American Creole: New Orleans Reunion »»»Published: September 15, 2009

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  • Jazz musician Don Vappie performs after Hurricane Katrina.

In American Creole: New Orleans Reunion, jazz musician Don Vappie finds his sidemen scattered, his flooded-out Mom sleeping on his couch, and his 8-year-old grandson clamoring to join the band. But in the wake of the nation’s biggest natural disaster, where the landscape that gave birth to jazz has been destroyed and Don’s culture and community have been blown to the winds, what’s left to call home?

An established artist in the New Orleans music scene finds his sidemen scattered by Katrina, his flooded-out Mom sleeping on his couch, and his 8-year-old grandson clamoring to join the band. American Creole: New Orleans Reunion takes the audience on a tour of the front lines of a devastated city’s cultural rebirth: offstage, where race is infinitely more nuanced than black or white; backstage, where which instrument you play can be a political statement; and joyously onstage, where the only thing that matters is music, and local legends make it cook.

In the wake of Hurricane Katrina, Don Vappie -- musician, bandleader, Creole -- struggles to find work and his cultural identity in New Orleans. This new documentary premieres on PBS on Thursday, September 7th at 10:00 p.m. EDT, just over a year after the killer storm slammed the Gulf Coast. It follows Don as he tries to keep his band together and bring musicians back to the city. Through his journey, Don begins to question what makes a community, and whether the culture he grew up in can survive not just the storm, but also the social crosscurrents of modern America.

Don has played with Wynton Marsalis, Beausoleil and the Preservation Hall Jazz Band, along with fronting the Creole Jazz Serenaders, who were recently booked at Carnegie Hall. Rich with music, the film features performances by numerous stars of New Orleans jazz, as well as Don’s far-flung, talented family, which includes a cousin who wrote hits with Ray Charles, another who was a band mate to Paul McCartney in Wings, and a third who recorded with Frank Sinatra, Barbra Streisand, Quincy Jones, and others.

While Don was displaced by Katrina for only a month, more than half of his eight sidemen saw their houses destroyed. All were forced to evacuate to distant cities. Don scrambles to keep his band alive by taking what gigs he can. On the road, Don wonders if he would be better off living somewhere else, like New York. But can he really leave New Orleans, his home?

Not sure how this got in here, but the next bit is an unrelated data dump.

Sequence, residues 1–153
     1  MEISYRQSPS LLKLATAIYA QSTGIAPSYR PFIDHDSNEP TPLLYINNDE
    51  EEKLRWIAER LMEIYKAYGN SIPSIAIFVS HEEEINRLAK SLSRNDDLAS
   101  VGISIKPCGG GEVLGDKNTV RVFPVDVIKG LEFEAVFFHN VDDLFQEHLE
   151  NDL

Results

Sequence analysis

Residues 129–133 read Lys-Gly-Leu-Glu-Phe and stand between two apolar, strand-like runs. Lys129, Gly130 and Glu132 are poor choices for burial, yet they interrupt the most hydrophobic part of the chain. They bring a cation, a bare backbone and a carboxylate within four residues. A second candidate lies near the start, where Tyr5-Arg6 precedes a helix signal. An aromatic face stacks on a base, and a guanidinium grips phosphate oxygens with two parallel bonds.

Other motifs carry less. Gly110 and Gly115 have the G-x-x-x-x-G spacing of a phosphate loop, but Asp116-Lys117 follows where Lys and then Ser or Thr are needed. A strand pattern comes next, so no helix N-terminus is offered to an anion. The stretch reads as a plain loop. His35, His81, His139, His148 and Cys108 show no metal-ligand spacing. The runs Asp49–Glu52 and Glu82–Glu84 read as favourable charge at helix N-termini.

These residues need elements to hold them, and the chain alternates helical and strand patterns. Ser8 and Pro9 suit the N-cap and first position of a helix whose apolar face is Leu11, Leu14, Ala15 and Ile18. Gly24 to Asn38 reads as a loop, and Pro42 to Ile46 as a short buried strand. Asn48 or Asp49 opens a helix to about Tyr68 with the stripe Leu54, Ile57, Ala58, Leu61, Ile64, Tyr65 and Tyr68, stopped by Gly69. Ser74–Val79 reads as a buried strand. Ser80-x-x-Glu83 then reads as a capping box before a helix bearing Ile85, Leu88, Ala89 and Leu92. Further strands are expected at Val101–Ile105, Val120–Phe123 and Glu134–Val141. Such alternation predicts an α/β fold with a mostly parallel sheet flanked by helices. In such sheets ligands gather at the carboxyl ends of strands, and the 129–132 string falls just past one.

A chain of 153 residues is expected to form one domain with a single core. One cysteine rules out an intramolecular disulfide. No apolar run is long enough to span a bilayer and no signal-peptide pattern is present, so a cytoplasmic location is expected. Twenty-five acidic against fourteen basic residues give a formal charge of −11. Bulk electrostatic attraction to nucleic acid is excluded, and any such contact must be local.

Don’s questions lead him to friends, mentors, and fellow musicians, each affected by Katrina in his or her own way. They offer views on what it means to be from New Orleans and what it means to be a Creole of Color, a racial and cultural mix of African-American, French, Spanish, and Native American ancestry, with a rich history in Louisiana. With even his family members unable to agree, the answers he finds are as varied as the cultures that make up his heritage.

In the city, the major festivals go on, but it’s not enough. If the musicians are going to come back, they need gigs, and if the city is going to come back, it needs its musicians. So Don decides to host a Rent Party and later a musical family reunion, gathering the cream of the local jazz scene and his scattered musician-relatives, because “When the music comes back, everybody’s gonna come back!”

American Creole was produced and directed by the award-winning husband-wife team of Glen Pitre and Michelle Benoit, whose movies (Belizaire the Cajun, The Scoundrel’s Wife), documentaries, books, and museum design have won them an international reputation. In 2002, film critic Roger Ebert acclaimed Pitre “a legendary American regional director.” Milly Vappie and her company Vappielle, Inc., producers of recorded music and cultural programming, are also co-producers along with Côte Blanche Productions with Louisiana Public Broadcasting.

The documentary was made possible by the Corporation for Public Broadcasting and by grants from the Louisiana Endowment for the Humanities, the Southern Media Fund, the Louisiana State Arts Council through the Louisiana Division of the Arts, and the New Orleans Musicians’ Clinic Gig Fund, through the .

  

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